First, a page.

We’ve asked Christian, the winner of our map-making competition, to share a few words on his map and the competition and he was so kind to oblige. Here’s what he has to say.
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A few weeks ago I was searching online for fantasy map-making contests. I wanted an assigned theme and a real deadline—something that would challenge my skills and help me generate another piece of work I could be proud of. That’s when I came across ProFantasy.com. I’d been interested in their software before, but hadn’t had a chance to use it. Now I had a chance to win it in a competition.
Make an island, they said, about three miles across. Something like a medieval treasure map. The contest had been open for months, but was closing in just a few days. I took a look at the submissions that had been sent in thus far, decided I had a shot at winning, and threw myself into it.
I worked feverishly, right up to the deadline, and actually ran out of time to put absolutely everything I wanted into the map. That’s why there’s no border around it, and no compass rose… But what I did manage to produce followed my vision. As a novelist and dungeon master, I knew I could create some storytelling elements that would hook into the drawing. Some secrets and clues that would only be available to those who looked closely, and a narrative that would marry the image to the text. I had an aesthetic that I’d been developing for maps for my novels, inspired by some of the top fantasy cartographers online. I’m passionate about making beautiful illustrations, and I’m excited to be learning new techniques every day.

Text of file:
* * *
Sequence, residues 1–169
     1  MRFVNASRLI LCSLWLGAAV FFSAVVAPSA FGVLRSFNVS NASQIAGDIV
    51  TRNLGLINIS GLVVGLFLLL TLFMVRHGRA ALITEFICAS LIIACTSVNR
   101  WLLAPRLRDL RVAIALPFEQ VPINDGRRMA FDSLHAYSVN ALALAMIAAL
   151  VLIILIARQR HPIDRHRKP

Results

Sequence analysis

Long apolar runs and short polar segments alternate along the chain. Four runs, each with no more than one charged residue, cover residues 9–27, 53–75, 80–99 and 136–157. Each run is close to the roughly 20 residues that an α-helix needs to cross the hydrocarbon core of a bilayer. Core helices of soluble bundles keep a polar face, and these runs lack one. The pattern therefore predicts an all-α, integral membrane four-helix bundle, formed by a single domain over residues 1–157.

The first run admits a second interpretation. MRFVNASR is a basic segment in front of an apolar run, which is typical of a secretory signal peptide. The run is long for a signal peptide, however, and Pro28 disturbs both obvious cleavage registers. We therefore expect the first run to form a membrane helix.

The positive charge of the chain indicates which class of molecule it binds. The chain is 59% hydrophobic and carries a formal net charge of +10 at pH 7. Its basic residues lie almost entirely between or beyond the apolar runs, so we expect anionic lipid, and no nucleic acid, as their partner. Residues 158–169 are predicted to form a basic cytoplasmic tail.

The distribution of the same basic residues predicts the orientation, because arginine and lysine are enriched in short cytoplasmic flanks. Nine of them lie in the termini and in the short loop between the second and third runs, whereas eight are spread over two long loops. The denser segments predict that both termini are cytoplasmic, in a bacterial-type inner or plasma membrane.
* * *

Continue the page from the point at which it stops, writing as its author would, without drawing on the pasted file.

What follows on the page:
As for the hands-on process itself, virtually all of this map was hand-drawn in ProCreate on an iPad 3 using an Adonit Touch stylus. There are a few “pattern brushes” in that app which help with things like the the jungle trees and the ocean waves, but everything else was the result of pushing pixels manually. The shape of the island and mountains isn’t based on anything other than doodling with the idea of a vaguely volcanic tropical island in mind.
The cloister overhead plan was laid out in Adobe Illustrator. It’s far larger, sharper, and more detailed in the original file, with many upper floors and basement dungeon levels. The “3D” isometric extrusion of the cloister is actually just faux-3D, a technique I use in Illustrator where I take the overhead plan and rotate, squash, duplicate and move by a certain amount, and then blend. I took a screen shot of that and traced over it in ProCreate.
The last step was to bring it all into Adobe Photoshop. I had created a “parchment background” from some rendered clouds and a bunch of filters, so I laid out the various pieces on that background and added the text elements. Then I did save-for-web and picked settings that looked good but kept the resulting file under 2 MB.
The cloister itself is about 300 feet on one axis, making the hypotenuse around 500 feet. Since you can line up 30 of the little cloister images end to end and have them stretch from one side of the island to the other, the island winds up being about 3 miles across.